Democrats try to keep Biden drama in the ‘family’ – Washington Examiner

In an article from the Washington Examiner titled “Democrats try to keep ‘family’ drama private with Biden future uncertain,” the author discusses how Congressional Democrats are attempting ⁢to keep internal ‌conflicts regarding President Joe Biden’s political future out of the public eye. ⁣Following Biden’s poor debate performance, lawmakers have been‌ cautious ‌in their criticisms, with‍ some calling for him to step aside while ‍others express ​doubts⁤ about ​his ability to win in November. Despite some ⁤tensions⁢ within the party,⁢ Democrats are trying to‌ present a united‌ front and⁢ avoid public criticism of Biden. The ⁤article highlights the delicate balancing act Democrats are facing as they navigate‌ Biden’s uncertain future and ‌concerns about⁣ his candidacy.




Democrats try to keep ‘family’ drama private with Biden future uncertain

Congressional Democrats are attempting to keep a bitter dispute over President Joe Biden’s political future out of public view following a panic over his disastrous debate almost two weeks ago.

Democratic lawmakers have been eager to downplay the infighting since returning to Washington this week, while those choosing to criticize the president have been measured in their words. Nearly all were tight-lipped on Tuesday following caucus-wide meetings focused squarely on whether Biden should step aside after his halting and at times incoherent debate performance against former President Donald Trump.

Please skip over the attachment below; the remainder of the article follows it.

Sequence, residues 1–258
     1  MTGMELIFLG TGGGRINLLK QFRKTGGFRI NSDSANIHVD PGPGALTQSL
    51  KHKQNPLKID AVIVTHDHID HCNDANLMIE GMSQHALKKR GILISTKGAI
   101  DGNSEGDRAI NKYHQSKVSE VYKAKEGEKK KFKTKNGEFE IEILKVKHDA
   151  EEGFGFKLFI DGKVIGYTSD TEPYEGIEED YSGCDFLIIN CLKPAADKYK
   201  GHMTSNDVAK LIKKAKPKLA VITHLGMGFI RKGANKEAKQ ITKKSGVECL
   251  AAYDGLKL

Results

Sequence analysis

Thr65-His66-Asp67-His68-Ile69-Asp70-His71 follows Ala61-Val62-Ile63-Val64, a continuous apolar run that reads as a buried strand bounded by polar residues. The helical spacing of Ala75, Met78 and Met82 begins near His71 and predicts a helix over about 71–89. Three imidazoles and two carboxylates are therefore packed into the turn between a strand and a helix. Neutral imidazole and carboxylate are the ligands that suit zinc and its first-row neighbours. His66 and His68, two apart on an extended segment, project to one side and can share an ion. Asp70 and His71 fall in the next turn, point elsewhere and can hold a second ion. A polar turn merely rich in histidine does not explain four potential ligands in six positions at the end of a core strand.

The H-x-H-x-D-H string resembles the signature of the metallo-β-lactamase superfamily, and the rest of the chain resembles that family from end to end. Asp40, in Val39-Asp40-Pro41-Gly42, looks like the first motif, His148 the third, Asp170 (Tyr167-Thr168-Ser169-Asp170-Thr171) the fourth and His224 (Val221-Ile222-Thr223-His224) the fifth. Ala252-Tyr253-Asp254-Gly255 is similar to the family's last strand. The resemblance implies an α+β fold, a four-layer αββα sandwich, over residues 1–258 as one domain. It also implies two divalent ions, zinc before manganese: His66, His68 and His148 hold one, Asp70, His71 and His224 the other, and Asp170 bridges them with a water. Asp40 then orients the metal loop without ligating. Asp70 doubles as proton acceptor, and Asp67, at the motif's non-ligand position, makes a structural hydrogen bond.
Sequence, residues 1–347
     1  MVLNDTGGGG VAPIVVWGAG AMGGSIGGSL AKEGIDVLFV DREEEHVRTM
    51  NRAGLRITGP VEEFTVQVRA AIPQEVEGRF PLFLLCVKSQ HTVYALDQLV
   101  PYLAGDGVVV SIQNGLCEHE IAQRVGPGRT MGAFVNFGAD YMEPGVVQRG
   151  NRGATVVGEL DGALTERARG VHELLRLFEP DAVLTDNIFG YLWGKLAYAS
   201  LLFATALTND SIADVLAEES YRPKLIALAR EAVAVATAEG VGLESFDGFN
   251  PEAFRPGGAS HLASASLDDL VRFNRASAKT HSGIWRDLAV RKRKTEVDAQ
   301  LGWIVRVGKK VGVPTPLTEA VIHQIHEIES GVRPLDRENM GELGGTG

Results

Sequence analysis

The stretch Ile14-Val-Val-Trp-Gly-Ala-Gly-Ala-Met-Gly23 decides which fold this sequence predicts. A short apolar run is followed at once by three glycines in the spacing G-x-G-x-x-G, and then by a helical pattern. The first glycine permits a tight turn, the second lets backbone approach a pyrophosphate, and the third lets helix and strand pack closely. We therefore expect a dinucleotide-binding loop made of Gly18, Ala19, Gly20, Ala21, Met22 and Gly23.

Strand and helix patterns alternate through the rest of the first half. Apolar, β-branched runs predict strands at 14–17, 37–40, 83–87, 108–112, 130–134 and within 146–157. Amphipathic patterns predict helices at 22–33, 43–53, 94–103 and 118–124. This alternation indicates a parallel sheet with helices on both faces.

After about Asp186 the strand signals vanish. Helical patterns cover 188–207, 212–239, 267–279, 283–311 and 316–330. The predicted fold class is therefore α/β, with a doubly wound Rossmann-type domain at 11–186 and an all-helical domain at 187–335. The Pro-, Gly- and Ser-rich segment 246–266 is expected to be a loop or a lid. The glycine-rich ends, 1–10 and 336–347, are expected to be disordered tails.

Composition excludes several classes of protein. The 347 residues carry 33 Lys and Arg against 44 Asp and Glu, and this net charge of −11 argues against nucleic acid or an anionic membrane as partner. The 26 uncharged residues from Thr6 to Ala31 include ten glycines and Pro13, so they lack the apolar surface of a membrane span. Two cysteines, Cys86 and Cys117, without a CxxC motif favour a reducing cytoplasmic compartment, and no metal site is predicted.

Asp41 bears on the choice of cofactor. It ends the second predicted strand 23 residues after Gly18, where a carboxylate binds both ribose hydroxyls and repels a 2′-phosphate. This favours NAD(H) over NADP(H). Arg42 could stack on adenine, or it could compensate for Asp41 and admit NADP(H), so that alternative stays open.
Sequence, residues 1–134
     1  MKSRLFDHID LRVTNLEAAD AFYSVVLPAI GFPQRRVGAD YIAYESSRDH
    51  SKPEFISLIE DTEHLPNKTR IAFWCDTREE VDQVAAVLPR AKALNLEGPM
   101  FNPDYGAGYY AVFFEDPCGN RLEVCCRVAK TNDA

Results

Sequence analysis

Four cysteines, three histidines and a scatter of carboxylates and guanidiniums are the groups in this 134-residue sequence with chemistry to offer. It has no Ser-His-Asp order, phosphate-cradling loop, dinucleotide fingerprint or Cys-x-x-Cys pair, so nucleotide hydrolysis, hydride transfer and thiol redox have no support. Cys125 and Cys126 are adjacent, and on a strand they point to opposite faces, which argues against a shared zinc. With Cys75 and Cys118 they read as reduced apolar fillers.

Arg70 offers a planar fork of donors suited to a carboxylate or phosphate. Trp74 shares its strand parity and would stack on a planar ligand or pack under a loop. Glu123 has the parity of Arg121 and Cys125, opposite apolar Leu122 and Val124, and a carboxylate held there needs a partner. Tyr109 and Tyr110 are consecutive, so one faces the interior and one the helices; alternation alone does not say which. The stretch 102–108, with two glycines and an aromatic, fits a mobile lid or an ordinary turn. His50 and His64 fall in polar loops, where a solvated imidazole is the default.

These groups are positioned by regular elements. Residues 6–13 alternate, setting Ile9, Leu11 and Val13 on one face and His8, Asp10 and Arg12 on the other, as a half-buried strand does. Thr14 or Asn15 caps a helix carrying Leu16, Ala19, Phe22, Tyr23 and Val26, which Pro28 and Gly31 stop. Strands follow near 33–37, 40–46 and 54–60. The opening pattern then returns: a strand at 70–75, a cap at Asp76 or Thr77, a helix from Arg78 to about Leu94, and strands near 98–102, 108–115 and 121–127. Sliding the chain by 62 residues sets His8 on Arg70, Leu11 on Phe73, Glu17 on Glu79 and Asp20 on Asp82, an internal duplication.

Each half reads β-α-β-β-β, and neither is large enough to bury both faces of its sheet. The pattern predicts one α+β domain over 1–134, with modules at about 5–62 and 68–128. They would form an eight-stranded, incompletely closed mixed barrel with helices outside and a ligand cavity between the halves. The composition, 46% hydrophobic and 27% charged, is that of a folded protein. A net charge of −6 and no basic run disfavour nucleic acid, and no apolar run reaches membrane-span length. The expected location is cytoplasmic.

The trend was not without exceptions. Two new House Democrats have called on Biden to drop out this week, while Sen. Michael Bennet (D-CO) revealed Tuesday night that he doubted the president can win in November.

“I just think this race is on a trajectory that is very worrisome,” Bennet told CNN. “Donald Trump is on track, I think, to win this election and maybe win it in a landslide.”

Yet the degree of restraint shown since lawmakers returned from a two-week recess stands in stark contrast to what had until this point been a public airing of grievances over Biden. A raft of operatives and sympathetic editorial boards called on him to make way for a new nominee in the days after the debate, while anonymous lawmakers spoke to the media in apocalyptic terms about their election prospects with Biden as the nominee.

Washington had been bracing for the freakout to balloon as Democrats faced a deluge of questions from the Capitol Hill press corps. But leadership has largely managed to get their ranks in line as they weigh a path forward.

Democrats breezed by reporters on Tuesday, declining to divulge anything from their meetings that might hint at Biden’s fate. In one moment of tension, an exacerbated Sen. Debbie Stabenow (D-MI), the No. 3 Democrat in the Senate, refused to say whether any of her colleagues called for the president to step aside at their lunch.

“No, I’m not going to. I’m not going to,” she said. “This was a private family discussion. I’m sorry, guys.”

The guarded posture reflects an emerging consensus that public criticism of Biden could be politically damaging if he remains the nominee. It’s also a welcome sign for the White House, which has attempted to take the wind out of critics’ sails through a combination of outreach and public displays of defiance.

The president is by no means safe, however. Lawmakers will be watching intently to see if Biden fumbles at the NATO summit on Thursday when he holds a rare press conference.